Frequently Asked Questions

1. A Hysterectomy? What is it?
2. A Hysterectomy? What Kind?
3. Frightened and Anxious?
4. Go to doctor appointment with her?
5. How can the rest of the family and friends help?
6. How to Prepare the Room?
7. Is a Minimally Invasive Hysterectomy Best?
8. Light housework? What is that?
9. No Libido?
10. Post-op bleeding?
11. SEX! When can we get back to normal?
12. Swelly belly? Tender belly?
13. Trouble getting out of bed?
14. What Type of Surgeon for Cancer?
15. When can she cook?
16. Why Does She Need a Second Opinion?
17. Why is my wife not feeling better?

* What Type of Surgeon for Cancer?

What types of surgeons are available for my cancer surgery?

I have been told I have cancer by my gynecologist. I want the best outcome possible so that I have the best opportunity to beat this disease. Should I stay with my gynecologist or look for a different Dr.?

You are wise to ask this question so you can get the best outcome for your diagnosis. There are several types of Doctors that can do your surgery but realize that there are factors, such as where you live, that can influence your options. Regardless of who does the surgery the organs should be sent for pathology test to complete the staging of the cancer.

The following are possible types of surgeons:

Gynecological oncologist (aka gyn-onc) is a specialist in female reproductive anatomy along with additional training in cancer of the reproductive system. This is generally considered the best option especially if you have a confirmed cancer diagnosis. They are not available in all areas. Some women travel hours to see one and have them do their surgery. Many women with pre-cancer diagnosis see them since cancer could be found during the surgery. Some studies indicate better outcomes for those with a cancer diagnosis when a gyn-onc is involved early. Your gynecologist may refer you to a gyn-onc.

Obstetrical gynecologist or gynecologist who will do the surgery with an oncologist in attendance. The ob-gyn or gyn does the initial incisions and lets the oncologist take over in order to check for cancer and do the procedures such as pelvic washes and lymph node dissection. The oncologist may be a specialist in cancer but is not necessarily a specialist in cancers of the female anatomy. The ob-gyn or gyn will usually do the surgical closures.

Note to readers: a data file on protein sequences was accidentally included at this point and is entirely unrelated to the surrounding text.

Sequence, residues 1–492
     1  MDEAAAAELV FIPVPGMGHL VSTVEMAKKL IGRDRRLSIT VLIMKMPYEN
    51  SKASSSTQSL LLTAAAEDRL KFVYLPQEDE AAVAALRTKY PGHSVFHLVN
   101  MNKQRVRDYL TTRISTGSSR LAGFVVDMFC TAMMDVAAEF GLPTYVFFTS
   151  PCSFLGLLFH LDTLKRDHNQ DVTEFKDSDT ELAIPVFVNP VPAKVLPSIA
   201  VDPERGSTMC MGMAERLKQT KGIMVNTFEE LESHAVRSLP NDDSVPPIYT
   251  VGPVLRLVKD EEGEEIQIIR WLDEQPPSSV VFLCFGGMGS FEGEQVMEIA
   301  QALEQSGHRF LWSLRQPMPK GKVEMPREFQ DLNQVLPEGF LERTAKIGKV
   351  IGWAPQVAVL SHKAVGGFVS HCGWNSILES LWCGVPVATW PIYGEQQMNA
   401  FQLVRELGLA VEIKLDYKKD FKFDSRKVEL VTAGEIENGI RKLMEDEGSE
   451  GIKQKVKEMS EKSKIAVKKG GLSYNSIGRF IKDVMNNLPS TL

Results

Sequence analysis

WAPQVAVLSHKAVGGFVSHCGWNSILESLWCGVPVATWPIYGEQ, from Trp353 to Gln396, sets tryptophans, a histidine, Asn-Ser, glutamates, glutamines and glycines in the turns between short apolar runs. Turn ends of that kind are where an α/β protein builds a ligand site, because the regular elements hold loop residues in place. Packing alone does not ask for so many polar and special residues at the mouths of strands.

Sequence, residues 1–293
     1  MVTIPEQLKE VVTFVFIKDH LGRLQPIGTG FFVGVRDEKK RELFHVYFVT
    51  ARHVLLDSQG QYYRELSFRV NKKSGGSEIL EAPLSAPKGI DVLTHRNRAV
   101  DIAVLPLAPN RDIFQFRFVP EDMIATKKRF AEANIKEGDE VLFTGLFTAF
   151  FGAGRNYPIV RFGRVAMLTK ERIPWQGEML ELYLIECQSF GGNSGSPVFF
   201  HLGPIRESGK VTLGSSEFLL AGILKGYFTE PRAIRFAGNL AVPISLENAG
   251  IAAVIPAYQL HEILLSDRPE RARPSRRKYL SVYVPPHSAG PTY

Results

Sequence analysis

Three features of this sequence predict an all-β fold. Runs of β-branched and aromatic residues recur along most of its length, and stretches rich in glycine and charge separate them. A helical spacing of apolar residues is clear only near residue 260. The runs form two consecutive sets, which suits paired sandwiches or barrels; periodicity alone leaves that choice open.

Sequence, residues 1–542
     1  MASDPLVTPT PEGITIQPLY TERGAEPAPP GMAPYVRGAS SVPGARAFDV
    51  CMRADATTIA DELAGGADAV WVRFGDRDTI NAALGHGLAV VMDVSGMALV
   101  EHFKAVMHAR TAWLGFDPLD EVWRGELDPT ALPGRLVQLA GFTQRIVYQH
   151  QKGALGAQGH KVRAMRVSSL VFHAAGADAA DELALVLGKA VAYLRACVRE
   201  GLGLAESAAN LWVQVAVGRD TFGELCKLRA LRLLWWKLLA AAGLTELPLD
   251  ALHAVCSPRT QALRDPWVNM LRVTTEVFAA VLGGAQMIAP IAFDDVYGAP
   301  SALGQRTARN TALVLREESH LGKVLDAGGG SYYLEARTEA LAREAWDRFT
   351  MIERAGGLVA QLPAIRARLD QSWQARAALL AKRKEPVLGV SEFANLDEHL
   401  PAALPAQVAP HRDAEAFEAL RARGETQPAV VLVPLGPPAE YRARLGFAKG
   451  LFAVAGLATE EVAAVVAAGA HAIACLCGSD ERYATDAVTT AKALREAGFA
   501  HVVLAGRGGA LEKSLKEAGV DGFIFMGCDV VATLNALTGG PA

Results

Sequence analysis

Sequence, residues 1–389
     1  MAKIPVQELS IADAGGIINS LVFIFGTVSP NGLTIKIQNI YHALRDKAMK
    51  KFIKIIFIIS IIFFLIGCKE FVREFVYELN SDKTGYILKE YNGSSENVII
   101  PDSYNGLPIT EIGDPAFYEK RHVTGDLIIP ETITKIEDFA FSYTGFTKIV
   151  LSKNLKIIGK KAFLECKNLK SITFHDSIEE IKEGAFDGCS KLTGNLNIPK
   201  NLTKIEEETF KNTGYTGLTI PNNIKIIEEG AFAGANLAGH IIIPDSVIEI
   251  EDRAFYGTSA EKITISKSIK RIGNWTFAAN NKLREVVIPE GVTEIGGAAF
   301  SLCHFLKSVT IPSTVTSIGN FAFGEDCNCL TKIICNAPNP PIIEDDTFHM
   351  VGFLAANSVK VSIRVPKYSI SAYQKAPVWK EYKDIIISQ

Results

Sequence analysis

Ob-gyn or gyn who has handled some oncology cases if there are no gyn-oncs or oncologists in the area. This is not the norm but either through additional training or some other experiences they can recognize some cancers and so some addition activities such as pelvic washes and lymph node removal. You should make sure you thoroughly discuss how they got their experience and what outcomes they have had with their patients. Normally a gyn-onc will review the frozen sections and the pathology report to determine next course of treatment.

Ob-gyn or gyn with no oncology experience would not be recommended in any of situations where cancer is suspected since they are not familiar with the procedures to recognize cancer. Additionally they may not know how to do pelvic washes or lymph node dissections.

We hope this helps you find the best surgeon for your situation.

This content was written by staff of by non-medical professionals based on discussions, resources and input from other patients for the purpose of patient-to-patient support.